2.3 Cross-border Trade and Data Flow
Regarding the second set of fears, people fear that the environment resulting from technology’s incredible development and complexity will elude full human comprehension. They warn of a future in which humans will increasingly come under the sway of runaway technology that cannot be effectively steered. With the rise of artificial intelligence and incredible progress in the development and deployment of fully autonomous systems, this fear still exists today. Even the technology mogul, Elon Musk, thinks AI is humanity’s “biggest existential threat” which “will destroy humanity as a matter of course”.
2.4 The Second World War
The Second World War witnessed barbarous and outrageous violations of fundamental rights on an unprecedented level. Many countries conducted intrusive and unwarranted surveillance on their own citizens, under the guise of national security and welfare. Perhaps the most well-known of these incidences happened in Germany where the Nazi regime used numerous instruments to monitor the public, control behavior and use citizens to monitor their neighbors, colleagues and friends.
The history of trade revolves around the efficient movement of goods and services. As digital commercial transactions and automated data processing became a thing, it became obvious that the one most important facilitator of global trade would be the free flow and security of data, especially personal data which many governments and businesses began to realize was economically valuable. (To put this in context, some figures estimate that the value of European citizens’ personal data will grow to nearly €1 trillion annually by 2020.
Now, as cross-border trade grew in the 1970s, trans border transfers of computerised data, including personal data, became more common—from airline and ferry boat reservation systems, co-ordination between tax authorities, money transfers, payroll processing, circulation of periodicals, mail orders, credit cards, insurance transactions, and hotel bookings. The need to enact concrete and compatible data protection laws thus became clear. Without adequate laws, it was apparent that free flow of information across borders—which was necessary for trade and development—would be greatly affected.
In today’s digital and inter-dependent economy, the stakes have become higher. As information is now power and money, international data transfer has become more important than ever and is still driving conversations on DPP regulations and law reforms, especially in the US and EU where trans-border information flows represents the fastest growing component of trade.
The atrocities of the Second World War—and Italy and Germany’s devastating experiences with fascism and Nazism respectively—directly inspired post-war legislative efforts such as the Universal Declaration of Human Rights—the first document to recognise the right to privacy on an international level. And then in 1949, the Council of Europe was formed to unite the whole of Europe, promote political freedoms, democratic values, social development, and human rights. (the Council is now an international organisation that has 47 member countries, including all EU Member States). In 1950, the council adopted the European Convention on Human Rights, still one of the most crucial agreement on privacy and data protection in Europe. The European Convention on Human Rights is based largely on the Universal Declaration of Human Rights and sought to guarantee the right to respect for one’s private and family life, home and correspondence.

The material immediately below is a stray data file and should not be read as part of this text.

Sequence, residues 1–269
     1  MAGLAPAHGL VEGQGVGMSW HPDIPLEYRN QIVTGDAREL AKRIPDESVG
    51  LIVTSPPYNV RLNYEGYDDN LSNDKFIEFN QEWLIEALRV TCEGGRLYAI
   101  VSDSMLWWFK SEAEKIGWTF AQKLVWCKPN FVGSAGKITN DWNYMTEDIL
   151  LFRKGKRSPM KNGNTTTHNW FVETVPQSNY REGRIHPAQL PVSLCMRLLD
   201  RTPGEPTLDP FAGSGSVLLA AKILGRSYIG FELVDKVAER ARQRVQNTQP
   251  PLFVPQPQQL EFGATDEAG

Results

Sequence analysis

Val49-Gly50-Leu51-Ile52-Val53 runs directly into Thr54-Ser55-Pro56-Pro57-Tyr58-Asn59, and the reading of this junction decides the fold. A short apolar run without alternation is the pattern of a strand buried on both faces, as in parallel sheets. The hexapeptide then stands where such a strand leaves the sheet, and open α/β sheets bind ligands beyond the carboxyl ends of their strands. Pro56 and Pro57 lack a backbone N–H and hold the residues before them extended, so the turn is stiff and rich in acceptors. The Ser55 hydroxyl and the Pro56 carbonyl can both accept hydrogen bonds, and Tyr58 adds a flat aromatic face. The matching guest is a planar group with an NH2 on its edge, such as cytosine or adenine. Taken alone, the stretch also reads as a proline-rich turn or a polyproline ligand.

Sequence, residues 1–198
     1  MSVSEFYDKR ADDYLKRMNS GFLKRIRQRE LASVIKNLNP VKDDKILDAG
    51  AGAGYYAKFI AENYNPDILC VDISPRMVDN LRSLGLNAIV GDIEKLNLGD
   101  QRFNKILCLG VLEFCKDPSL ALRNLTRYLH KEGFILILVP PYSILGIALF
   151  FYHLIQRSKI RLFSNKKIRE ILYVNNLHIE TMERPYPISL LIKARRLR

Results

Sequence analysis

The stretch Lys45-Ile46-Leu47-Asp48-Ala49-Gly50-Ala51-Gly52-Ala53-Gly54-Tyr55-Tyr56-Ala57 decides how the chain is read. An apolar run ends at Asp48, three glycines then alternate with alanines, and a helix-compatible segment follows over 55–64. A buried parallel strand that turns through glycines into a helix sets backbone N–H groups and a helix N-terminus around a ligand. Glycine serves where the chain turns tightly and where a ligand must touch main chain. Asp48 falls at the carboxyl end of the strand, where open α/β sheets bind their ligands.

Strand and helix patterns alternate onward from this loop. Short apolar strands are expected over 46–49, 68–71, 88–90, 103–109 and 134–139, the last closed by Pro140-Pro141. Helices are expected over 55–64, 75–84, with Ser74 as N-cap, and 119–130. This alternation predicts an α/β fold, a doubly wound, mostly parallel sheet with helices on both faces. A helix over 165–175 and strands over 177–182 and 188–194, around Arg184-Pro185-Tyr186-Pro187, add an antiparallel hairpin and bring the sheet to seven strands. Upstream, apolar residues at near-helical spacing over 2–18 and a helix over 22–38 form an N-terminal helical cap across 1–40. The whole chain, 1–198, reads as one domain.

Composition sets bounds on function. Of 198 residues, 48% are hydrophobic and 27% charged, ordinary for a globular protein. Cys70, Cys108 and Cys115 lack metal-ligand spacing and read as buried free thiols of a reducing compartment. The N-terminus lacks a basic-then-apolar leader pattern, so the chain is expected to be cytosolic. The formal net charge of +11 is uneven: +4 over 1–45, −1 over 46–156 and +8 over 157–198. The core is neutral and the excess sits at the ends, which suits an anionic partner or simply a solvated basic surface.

- Catalysts for the emergence of data protection laws in Nigeria
While Europe has had a comprehensive data protection legislation for a long time—the main features of which has been the traditional protection of certain basic principle of data and the establishment of supervisory authorities, the story is a bit different in Nigeria (and Africa), where things are at a pretty nascent stage.
Data protection in Nigeria (and Africa) has largely been driven by economic circumstances, by the need to ensure the sustenance of business process outsourcing from across the Atlantic, and send signals of trust for entities willing to do business that involves any form of data processing…which in this age basically transforms to all forms of businesses? But why is this big deal?
In this era where tech start-ups are springing up from everywhere in Nigeria, the desire to regulate the data processing of personal data by players in the tech industry has also been a particularly serious motivation.
Well, you see, Article 45 of the GDPR—which is quite possibly the most influential instrument of all international codes of data protection policies in the world—restricts the transfer of personal data from Europe to third countries if such countries do not provide an ‘adequate’ level of protection of personal data. In other words, a transfer of personal data to a third country or an international organisation may take place where the Commission has decided that the third country, a territory or one or more specified sectors within that third country, or the international organisation in question ensures an adequate level of protection.